“Six Year Old Girl Worries She is Fat.” As I read the article that described the unfortunate state of affairs that has six year olds already hating their bodies and feeling fat, I couldn’t help notice the irony. The article which cautions against the toxicity of the media’s endless message that girls and women must be thin is flanked with pictures of half naked women pulling tape measures around their waists; promoting the latest diet fad.
But this warning about younger fat phobic girls is nothing new to anyone who has been paying attention to eating disorders and body image trends among children over the past few decades.
In the late 1970′s I had a job at a preschool program in Marin, California. It was my first time working with kids that young and I was excited to add that age group to my repertoire. The kids were totally adorable and wide open to trying all of my theater, art, movement, and recreational activities. The lack of inhibition was so refreshing especially compared to the adolescent population I had spent the previous several years working with at my last job.
These 3-5 year old children, in retrospect, reminded me of that greeting card that was so popular a few years ago. It was something like, “Dance as if no one is looking, sing as if no one is listening…etc.” They were fearless, spontaneous and trusting. With one exception.
During the course of the “school-day” there was a free-play time. Stations were set up around the class room and the kids could choose an activity at any of the stations. Free-play was justified by the staff as age appropriate, designed to foster decision making skills, improve social interaction and leisure awareness. And it was supposed to be fun! One of the stations was a dress up corner over flowing with an extensive array of costumes, props and a few mirrors for admiring outfits.
My personal memories of dressing up as a little kid were wonderful especially in juxtaposition to my later years of torment in real life dressing rooms; those furtive embarrassing visits to Lane Bryant in order to find something that would fit. As a three-five year old, I savored the opportunities at my preschool to transform into a pirate, cowgirl, and of course the ultimate dress-up op…a princess. It WAS fun!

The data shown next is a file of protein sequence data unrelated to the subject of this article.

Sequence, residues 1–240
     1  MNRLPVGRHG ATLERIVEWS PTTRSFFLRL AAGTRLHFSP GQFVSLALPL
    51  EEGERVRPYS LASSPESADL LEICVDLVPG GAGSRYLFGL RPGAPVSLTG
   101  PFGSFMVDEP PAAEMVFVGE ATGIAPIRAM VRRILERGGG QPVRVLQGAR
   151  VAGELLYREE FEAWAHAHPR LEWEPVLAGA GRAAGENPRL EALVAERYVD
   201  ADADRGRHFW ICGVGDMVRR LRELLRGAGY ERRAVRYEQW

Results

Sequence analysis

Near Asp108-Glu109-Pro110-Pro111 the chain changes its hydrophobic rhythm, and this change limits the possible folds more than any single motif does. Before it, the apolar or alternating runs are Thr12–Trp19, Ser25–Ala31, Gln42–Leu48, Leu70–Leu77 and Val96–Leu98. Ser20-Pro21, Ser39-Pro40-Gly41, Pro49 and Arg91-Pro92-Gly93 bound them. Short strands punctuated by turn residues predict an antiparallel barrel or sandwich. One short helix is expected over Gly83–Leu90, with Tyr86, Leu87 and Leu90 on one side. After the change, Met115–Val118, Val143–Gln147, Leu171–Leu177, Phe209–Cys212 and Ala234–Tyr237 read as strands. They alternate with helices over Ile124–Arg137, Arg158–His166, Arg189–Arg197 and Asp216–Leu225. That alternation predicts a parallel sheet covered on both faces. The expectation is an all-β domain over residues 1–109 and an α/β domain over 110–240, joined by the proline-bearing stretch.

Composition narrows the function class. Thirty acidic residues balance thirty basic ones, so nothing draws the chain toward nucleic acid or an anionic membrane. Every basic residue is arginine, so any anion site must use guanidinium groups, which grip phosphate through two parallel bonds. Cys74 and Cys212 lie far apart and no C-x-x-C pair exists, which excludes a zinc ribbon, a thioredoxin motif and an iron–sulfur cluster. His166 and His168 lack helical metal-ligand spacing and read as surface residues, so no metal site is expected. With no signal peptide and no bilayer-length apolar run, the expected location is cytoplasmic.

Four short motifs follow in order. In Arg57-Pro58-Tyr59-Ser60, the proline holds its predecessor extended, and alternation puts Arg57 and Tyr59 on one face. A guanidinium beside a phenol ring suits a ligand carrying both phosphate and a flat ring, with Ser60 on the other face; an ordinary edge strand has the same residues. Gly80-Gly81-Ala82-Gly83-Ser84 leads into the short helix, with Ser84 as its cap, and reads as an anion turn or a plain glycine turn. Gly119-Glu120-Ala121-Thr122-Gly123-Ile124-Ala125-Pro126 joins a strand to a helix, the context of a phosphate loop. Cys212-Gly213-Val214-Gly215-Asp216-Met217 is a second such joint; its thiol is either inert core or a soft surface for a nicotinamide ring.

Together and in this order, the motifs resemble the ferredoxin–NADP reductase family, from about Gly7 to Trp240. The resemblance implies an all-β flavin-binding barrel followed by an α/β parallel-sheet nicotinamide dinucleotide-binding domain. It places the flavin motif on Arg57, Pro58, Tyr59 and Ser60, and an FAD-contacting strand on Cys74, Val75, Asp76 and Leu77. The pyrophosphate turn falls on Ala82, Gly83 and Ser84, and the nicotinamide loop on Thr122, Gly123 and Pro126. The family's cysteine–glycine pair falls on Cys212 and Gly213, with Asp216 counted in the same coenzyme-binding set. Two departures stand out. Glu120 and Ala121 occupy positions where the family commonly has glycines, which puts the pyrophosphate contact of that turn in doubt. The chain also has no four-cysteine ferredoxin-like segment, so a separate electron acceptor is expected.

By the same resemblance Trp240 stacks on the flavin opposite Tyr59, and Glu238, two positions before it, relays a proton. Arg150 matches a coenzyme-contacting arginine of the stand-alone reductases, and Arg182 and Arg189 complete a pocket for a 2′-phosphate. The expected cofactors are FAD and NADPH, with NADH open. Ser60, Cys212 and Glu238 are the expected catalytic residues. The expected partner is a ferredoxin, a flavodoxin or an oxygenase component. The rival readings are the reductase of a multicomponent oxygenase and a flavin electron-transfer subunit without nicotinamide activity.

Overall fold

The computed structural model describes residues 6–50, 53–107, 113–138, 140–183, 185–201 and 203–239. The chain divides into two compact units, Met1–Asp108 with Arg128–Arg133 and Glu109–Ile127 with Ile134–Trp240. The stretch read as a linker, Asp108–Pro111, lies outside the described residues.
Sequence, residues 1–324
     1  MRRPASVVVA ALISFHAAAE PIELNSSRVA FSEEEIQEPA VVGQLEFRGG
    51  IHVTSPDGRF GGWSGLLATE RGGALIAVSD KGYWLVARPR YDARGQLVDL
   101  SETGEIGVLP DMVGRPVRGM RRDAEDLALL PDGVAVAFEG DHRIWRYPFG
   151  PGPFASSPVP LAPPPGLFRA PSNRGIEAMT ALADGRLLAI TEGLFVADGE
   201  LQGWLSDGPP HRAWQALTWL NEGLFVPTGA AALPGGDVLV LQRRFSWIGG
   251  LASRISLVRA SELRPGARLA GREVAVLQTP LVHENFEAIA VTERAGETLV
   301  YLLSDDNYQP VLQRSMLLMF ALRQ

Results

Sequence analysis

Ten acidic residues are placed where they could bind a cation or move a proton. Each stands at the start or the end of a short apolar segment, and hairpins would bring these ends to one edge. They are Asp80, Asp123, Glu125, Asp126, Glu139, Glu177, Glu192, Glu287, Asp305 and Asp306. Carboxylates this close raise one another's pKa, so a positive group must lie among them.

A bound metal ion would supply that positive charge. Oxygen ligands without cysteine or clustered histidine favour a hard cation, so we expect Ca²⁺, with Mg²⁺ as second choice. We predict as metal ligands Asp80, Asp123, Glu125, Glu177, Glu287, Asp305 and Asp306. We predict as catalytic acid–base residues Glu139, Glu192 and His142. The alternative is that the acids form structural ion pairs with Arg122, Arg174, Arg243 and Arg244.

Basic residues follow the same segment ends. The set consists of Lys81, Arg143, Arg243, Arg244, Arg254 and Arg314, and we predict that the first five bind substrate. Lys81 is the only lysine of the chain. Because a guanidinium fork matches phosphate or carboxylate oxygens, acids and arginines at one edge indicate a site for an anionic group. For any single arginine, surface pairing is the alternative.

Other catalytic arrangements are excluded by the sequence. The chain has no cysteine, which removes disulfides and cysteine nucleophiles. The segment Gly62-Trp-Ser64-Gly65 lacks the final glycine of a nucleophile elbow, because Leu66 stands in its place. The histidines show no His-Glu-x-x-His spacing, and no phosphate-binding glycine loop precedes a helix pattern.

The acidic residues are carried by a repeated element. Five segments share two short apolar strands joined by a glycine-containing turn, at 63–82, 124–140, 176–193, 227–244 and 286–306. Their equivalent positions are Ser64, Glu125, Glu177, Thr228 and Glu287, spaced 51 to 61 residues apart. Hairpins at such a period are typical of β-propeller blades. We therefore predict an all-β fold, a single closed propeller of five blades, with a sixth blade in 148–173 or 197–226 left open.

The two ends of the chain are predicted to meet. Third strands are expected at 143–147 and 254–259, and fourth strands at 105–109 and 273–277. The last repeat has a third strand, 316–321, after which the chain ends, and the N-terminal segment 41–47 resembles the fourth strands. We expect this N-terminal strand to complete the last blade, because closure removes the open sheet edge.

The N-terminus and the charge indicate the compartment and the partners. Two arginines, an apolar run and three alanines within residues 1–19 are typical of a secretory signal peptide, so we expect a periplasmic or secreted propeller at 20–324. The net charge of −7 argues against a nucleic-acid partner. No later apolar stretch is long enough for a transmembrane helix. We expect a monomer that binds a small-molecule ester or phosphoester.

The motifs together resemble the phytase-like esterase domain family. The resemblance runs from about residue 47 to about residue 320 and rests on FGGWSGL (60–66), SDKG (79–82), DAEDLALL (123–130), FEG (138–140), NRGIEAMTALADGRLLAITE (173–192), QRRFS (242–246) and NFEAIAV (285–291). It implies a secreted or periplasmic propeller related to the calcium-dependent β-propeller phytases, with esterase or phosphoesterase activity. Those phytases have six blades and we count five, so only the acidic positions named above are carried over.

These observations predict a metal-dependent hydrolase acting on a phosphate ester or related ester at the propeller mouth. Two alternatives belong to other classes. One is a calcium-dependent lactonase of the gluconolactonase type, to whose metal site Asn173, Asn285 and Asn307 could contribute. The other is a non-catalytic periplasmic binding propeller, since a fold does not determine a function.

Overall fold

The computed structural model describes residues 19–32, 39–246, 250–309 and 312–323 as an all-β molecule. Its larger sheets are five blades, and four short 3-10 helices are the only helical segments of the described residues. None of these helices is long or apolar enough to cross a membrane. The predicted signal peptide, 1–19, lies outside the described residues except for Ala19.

The first time I heard Jenny (not her real name) say, “No” to an invitation to play dress-up I didn’t pay much attention. She had been completely absorbed, in that tongue-out-of-the-mouth completely focused way that preschoolers have, with a Play-Doh(tm) machine. Squishing the red dough out in spaghetti strands, the blue dough out in long fat cylinders and squealing with delight as the green dough emerged in heart shaped noodles. She probably would have said, “No!” to pony rides in that moment, so I thought.
As the weeks passed, however, I noticed that the only station she NEVER visited was the dress-up corner even though from time to time I would see her sneaking glimpses of the other kids as they danced around with an abandon that would have put Salome to shame. After a while the other kids stopped asking her to join them in rifling through the trunks and racks of clothing, it was understood that Jenny just did not “Do Dress Up.”
If Jenny had been a noticeably “overweight” kid, I may have had some clue as to the reason behind her reluctance. But Jenny was a solid, athletic, and active child; so if it hadn’t been for our end of the year production for the parents, I never would have known the “WHY?”
We were getting ready for our extravaganza and all of the kids were putting on their hats, funny noses, boas, feathers and costumes. Jenny was standing off to the side, fussing with a witch’s dress…tugging…pulling…frowning…forehead knitted…I came up next to her with a hat for her outfit. She looked at me as she took the hat and said, “Am I fat in this dress?”
My heart sank. This had been the reason all of these months to avoid the Dress-Up corner and now it was wheedling in on her ability to enjoy the end of the year showcase! There was so much I wanted to say, starting with, “Even if the dress did make you look fat, why is that bad?” Or, “Is this what you see your mom do when she is getting dressed in front of the mirror?” Or, “Yes, you look like a big fat fabulous witch, woo hoo!” But I just looked into her five year old eyes, knowing that this was one of those teachable moments and not knowing what to say.
I turned her away from the mirror, zipped up the dress, put the hat on her head and as I began painting her face green I said, “That dress makes you look like a scary witch, it’s perfect!”
She visibly relaxed and so did I.